All Right . . . Who’s In Charge Here?!!
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All Right . . . Who’s In Charge Here?!!

All Right . . . Who’s In Charge Here?!!

When a foreign representative meets a federal receiver, who’s ultimately in charge?  And in charge of what?

The US Bankruptcy Code’s cross-border provisions were enacted by Congress to foster “cooperation between (A) courts of the United States, United States trustees, trustees, examiners, debtors and debtors in possession; and (B) the courts and other competent authorities of foreign countries involved in cross-border insolvency cases.”  The same provisions were also intended to promote “greater legal certainty for [international] trade and investment.”

To this end, Chapter 15 of the Bankruptcy Code sets forth relatively simple, straightforward requirements necessary for foreign representatives to obtain recognition of a “foreign proceeding,” and provides further that once such recognition is granted, US courts “shall grant comity or cooperation to the foreign representative.”  But the same chapter also provides that the recognizing US court may “modify or terminate” the relief otherwise available by statute to a foreign representative where the interests of creditors and the debtor “are sufficiently protected.”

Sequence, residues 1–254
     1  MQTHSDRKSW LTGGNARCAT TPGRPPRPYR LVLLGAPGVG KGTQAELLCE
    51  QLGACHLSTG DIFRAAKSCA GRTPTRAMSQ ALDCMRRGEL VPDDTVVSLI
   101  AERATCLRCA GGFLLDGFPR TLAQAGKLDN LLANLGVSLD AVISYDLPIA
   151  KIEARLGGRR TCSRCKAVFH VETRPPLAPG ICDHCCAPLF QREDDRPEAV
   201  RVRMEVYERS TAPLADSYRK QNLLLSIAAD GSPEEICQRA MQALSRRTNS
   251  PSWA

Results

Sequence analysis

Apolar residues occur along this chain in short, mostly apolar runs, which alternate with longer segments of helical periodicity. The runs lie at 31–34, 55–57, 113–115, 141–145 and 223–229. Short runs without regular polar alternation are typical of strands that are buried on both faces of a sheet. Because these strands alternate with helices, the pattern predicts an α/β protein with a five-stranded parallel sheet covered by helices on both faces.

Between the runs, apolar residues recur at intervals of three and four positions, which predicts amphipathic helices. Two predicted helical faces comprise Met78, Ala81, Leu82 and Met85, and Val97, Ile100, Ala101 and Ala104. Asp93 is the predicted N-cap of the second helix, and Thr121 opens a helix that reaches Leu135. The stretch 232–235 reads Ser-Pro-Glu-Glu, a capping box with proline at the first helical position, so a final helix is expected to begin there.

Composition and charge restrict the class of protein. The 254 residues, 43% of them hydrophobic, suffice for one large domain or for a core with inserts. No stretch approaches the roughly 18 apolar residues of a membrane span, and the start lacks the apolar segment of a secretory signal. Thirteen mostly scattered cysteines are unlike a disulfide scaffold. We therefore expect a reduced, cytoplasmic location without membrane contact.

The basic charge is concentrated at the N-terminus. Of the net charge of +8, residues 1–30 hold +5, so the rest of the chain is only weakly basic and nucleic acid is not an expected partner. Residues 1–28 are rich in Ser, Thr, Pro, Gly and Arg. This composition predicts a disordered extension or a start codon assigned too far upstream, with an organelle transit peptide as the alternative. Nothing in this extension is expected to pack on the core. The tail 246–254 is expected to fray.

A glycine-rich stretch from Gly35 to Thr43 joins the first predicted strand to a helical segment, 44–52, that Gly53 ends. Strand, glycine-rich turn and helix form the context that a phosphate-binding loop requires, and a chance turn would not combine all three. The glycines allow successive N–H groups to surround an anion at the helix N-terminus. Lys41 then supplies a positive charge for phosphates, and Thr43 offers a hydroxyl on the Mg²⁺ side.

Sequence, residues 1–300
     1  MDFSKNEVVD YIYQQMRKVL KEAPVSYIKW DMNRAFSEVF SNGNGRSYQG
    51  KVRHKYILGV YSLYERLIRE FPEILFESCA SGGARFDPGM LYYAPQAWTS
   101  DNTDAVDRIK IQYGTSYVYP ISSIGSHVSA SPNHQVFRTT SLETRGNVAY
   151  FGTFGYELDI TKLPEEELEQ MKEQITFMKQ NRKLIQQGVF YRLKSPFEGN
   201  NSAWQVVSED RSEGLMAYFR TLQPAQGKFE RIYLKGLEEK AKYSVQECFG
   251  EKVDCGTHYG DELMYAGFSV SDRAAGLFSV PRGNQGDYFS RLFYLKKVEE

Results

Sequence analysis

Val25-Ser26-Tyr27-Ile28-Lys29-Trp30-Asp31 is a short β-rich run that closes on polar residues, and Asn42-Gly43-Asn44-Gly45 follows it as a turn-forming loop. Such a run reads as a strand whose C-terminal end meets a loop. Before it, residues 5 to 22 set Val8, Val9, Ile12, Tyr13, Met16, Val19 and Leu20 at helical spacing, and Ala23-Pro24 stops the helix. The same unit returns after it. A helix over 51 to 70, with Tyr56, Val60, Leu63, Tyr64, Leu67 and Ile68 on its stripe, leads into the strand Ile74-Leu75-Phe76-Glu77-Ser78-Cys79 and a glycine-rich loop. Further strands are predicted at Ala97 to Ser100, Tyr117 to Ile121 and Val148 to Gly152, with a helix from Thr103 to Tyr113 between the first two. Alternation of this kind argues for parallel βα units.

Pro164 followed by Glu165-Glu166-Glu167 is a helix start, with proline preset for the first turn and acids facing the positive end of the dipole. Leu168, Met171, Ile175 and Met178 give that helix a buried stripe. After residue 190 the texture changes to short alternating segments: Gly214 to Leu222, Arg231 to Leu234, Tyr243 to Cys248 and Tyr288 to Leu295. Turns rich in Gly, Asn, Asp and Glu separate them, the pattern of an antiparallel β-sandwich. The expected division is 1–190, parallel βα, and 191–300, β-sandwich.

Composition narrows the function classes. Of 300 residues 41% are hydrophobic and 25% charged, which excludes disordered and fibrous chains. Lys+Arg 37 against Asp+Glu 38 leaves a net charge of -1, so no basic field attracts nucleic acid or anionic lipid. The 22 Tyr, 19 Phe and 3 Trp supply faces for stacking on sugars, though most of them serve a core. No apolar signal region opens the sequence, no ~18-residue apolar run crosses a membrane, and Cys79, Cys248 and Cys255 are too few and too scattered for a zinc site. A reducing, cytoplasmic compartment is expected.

These policy objectives – along with the Code’s cross-border provisions – are about to undergo a Texas-sized test next month, where a federal receiver appointed in Dallas to marshal the assets of Sir Allan Stanford’s Stanford Financial Group and other, related companies is wrangling with liquidators appointed for Antiguan affiliate Stanford International Bank, Ltd. – the entity that issued “certificates of deposit” purchased by investors in an alleged $8 billion, world-wide Ponzi scheme.

The case is likely to offer important insight into how federal courts will reconcile their equitable perogatives in other, non-bankruptcy insolvency proceedings (such as federal receiverships) with the Bankruptcy Code’s cross-border insolvency provisions.

In late February, the Securities and Exchange Commission sought a Temporary Restraining Order and immediate appointment of a receiver for the US-based assets of Stanford Financial Group (SFG) and related companies to stop an alleged “massive, ongoing fraud orchestrated . . . through . . . Antiguan-based Stanford International Bank, Ltd. and its affiliated Houston-based financial advisors . . . .”